If the materials produced by the synthesis are coloured, particularly by coloured impurities, then the level of colour may be reduced by treatment with activated carbon and/or by bleaching e.g. with hydrogen peroxide particularly in making products for personal care end use applications.
The compounds of this invention can be made to have a range of water and/or oil solubility and thus can be used as surfactants in water or oil based systems. In particular, the compounds of the invention may have HLB values in the range 4 to 18, including the relatively hydrophilic range 8 to 18 and the relatively oleophilic (hydrophobic) range 4 to 6.
Surfactants used in water based systems are generally water soluble, having an HLB greater than 7, particularly from 8 to 18. Such materials can be used as oil in water emulsifiers, particularly in personal care applications; as dispersants for pigments; as emulsifiers in emulsion polymerisation; as wetting agents in aqueous systems; as surfactants in domestic detergents, particularly in laundry formulations; in crop protection formulations particularly as adjuvants, dispersants and/or emulsifiers in agrochemical formulations; and other applications.
The properties of the surfactants of this invention also make them suitable as emulsifiers particularly in oil in water emulsions e.g. in personal care applications. Personal care emulsion products can take the form of creams and milks desirably and typically include emulsifier to aid formation and stability of the emulsion. Typically, personal care emulsion products use emulsifiers (including emulsion stabilisers) in amounts of about 3 to about 5% by weight of the emulsion.
The oil phase of such emulsions are typically emollient oils of the type used in personal care or cosmetic products, which are oily materials which is liquid at ambient temperature or solid at ambient temperature, in bulk usually being a waxy solid, provided it is liquid at an elevated temperature, typically up to 100° C. more usually about 80° C., so such solid emollients desirably have melting temperatures less than 100° C., and usually less than 70° C., at which it can be included in and emulsified in the composition.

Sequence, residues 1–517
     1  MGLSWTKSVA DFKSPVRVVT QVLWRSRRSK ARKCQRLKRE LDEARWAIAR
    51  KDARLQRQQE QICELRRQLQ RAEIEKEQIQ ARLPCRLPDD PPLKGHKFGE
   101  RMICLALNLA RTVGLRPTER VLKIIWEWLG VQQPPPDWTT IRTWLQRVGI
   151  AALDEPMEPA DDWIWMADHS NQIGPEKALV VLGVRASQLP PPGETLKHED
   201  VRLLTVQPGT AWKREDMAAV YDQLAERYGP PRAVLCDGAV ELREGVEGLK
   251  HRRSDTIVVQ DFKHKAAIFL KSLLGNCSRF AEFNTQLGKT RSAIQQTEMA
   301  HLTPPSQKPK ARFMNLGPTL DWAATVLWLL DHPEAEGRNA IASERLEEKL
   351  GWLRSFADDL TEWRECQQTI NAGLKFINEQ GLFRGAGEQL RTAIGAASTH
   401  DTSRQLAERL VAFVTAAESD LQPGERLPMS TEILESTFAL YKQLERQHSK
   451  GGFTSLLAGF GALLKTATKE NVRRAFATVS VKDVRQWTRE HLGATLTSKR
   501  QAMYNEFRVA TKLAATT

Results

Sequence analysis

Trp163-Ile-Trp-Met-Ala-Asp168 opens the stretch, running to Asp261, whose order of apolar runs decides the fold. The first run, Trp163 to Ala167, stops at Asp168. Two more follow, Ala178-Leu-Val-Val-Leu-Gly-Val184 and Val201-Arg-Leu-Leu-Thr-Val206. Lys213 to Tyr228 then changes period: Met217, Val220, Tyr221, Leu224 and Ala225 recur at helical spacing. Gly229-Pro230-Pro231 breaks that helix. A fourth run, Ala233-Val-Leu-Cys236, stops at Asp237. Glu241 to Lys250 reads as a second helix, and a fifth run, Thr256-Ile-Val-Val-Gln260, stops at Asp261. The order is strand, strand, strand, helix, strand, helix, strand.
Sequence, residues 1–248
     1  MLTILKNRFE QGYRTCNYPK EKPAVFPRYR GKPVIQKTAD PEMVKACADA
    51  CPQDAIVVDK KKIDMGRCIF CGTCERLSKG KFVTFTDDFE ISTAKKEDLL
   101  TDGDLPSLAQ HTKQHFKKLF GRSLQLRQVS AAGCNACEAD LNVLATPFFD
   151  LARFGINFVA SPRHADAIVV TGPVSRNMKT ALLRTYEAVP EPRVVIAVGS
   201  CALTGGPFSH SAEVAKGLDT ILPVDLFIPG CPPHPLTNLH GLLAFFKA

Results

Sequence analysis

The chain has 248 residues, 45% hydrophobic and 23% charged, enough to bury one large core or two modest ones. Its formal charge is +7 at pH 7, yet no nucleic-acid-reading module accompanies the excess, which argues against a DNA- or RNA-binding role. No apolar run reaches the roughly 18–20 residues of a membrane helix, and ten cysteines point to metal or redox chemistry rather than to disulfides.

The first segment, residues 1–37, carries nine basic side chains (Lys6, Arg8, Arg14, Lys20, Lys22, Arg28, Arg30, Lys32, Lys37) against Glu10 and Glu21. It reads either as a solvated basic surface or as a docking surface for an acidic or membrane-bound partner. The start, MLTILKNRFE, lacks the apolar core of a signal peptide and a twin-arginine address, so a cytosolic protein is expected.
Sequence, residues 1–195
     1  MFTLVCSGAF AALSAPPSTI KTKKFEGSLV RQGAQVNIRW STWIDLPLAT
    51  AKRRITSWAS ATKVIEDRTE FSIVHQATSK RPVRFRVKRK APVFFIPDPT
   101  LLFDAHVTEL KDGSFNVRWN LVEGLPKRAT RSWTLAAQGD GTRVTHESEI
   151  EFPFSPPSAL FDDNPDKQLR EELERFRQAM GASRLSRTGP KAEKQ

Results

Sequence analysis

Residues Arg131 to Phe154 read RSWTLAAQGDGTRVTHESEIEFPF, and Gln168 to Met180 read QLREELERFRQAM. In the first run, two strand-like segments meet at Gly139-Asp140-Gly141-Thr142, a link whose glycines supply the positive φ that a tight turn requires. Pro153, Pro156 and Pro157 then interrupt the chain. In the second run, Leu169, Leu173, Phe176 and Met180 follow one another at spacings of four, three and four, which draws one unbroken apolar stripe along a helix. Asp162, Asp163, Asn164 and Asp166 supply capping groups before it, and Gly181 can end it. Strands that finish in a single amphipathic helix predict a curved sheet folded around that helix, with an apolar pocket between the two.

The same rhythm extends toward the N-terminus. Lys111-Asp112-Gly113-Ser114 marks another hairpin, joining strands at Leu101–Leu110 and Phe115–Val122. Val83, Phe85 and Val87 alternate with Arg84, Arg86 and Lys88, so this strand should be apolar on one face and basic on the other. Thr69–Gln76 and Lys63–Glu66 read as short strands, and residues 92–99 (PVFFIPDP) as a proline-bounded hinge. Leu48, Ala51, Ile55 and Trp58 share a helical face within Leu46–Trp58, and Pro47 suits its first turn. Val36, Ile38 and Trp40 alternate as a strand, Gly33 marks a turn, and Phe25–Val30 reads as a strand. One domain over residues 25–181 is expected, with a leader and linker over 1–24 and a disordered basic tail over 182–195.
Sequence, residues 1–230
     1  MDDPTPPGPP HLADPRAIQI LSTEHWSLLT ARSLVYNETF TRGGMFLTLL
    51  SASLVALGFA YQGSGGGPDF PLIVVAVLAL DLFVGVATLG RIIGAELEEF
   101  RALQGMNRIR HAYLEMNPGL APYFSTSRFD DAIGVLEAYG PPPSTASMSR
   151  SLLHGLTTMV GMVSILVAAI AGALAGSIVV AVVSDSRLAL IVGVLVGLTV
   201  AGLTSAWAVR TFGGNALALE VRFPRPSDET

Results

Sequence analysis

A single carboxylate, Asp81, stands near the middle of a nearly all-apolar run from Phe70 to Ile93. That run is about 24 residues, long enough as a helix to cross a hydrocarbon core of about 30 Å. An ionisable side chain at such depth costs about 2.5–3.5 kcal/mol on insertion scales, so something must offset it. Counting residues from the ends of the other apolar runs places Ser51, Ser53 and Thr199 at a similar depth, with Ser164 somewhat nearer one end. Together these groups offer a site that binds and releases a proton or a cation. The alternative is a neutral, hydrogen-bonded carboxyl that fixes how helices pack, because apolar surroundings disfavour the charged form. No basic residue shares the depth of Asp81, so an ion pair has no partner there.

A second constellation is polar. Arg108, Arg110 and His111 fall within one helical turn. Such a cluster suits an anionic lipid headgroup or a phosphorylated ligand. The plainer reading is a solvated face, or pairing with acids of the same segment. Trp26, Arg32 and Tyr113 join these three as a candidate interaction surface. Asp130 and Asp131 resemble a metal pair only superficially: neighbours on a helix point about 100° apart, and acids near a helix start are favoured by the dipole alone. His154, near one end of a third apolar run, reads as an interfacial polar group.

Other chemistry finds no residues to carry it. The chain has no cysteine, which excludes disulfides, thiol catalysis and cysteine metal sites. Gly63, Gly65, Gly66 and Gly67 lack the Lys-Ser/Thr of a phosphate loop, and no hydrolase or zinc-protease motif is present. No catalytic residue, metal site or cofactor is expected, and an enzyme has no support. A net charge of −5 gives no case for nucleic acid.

The concentration of the oil phase may vary widely and the amount of oil is typically from 1 to 90%, usually 3 to 60%, more usually 5 to 40%, particularly 8 to 20%, and especially 10 to 15% by weight of the total emulsion. The amount of water (or polyol, e.g. glycerine) present in the emulsion is typically greater than 5%, usually from 30 to 90%, more usually 50 to 90%, particularly 70 to 85%, and especially 75 to 80% by weight of the total composition. The amount of surfactant used on such emulsions is typically from 0.1 to 10%, more usually 0.5 to 8%, more desirably 1 to 7%, particularly 1.5 to 6%, and especially 2 to 5.5%, by weight of the emulsion.
The end uses formulations of such emulsions include moisturizers, sunscreens, after sun products, body butters, gel creams, high perfume containing products, perfume creams, baby care products, hair conditioners, skin toning and skin whitening products, water-free products, anti-perspirant and deodorant products, tanning products, cleansers, 2-in-1 foaming emulsions, multiple emulsions, preservative free products, emulsifier free products, mild formulations, scrub formulations e.g. containing solid beads, silicone in water formulations, pigment containing products, sprayable emulsions, colour cosmetics, conditioners, shower products, foaming emulsions, make-up remover, eye make-up remover, and wipes. A preferred formulation type is a sunscreen containing one or more organic sunscreens and/or inorganic sunscreens such as metal oxides, but desirably includes at least one particulate titanium dioxide and/or zinc oxide,
The surfactants of this invention can be used as emulsifiers in emulsion polymerisation. Typically emulsion polymerisation is carried out on emulsions of ethylenically unsaturated monomers in water. Suitable monomers include unsaturated carboxylic acids and their alkyl esters, amides, N-substituted amides and nitriles, aromatic vinyl compounds, diene compounds which may be included as monomers or specifically as crosslinking agents, vinylethers, vinylesters, olefines and hydrophobic allyl compounds.
Such emulsion polymerisation methods are particularly applicable to the manufacture of acrylic copolymers, for example those where at least 50%, more usually at least 60%, desirably at least 80% e.g. 90% or more up to 100%, by weight of the monomers are acrylic monomers. The acrylic polymers may be those based on mixed alkyl acrylates, especially where the predominant monomer is methyl methacrylate, and may include anionic units such as (meth)acrylic acid units or cationic units such as amino substituted ethylenically unsaturated monomers.
The amount of surfactant used will depend on the particular monomers and the polymerisation system used, the degree of colloidal stability needed and the desired particle size of the polymer in the product latex. For an otherwise conventional oil in water emulsion polymerisation, to give a latex having a particle size of from 80 to 500 nm the amount of surfactant used will typically be from 0.25 to 5 parts by weight surfactant per 100 parts by weight total monomer (phm). More usually the amount will be from 0.5 to 2.5 phm, particularly from 1 to 2 phm.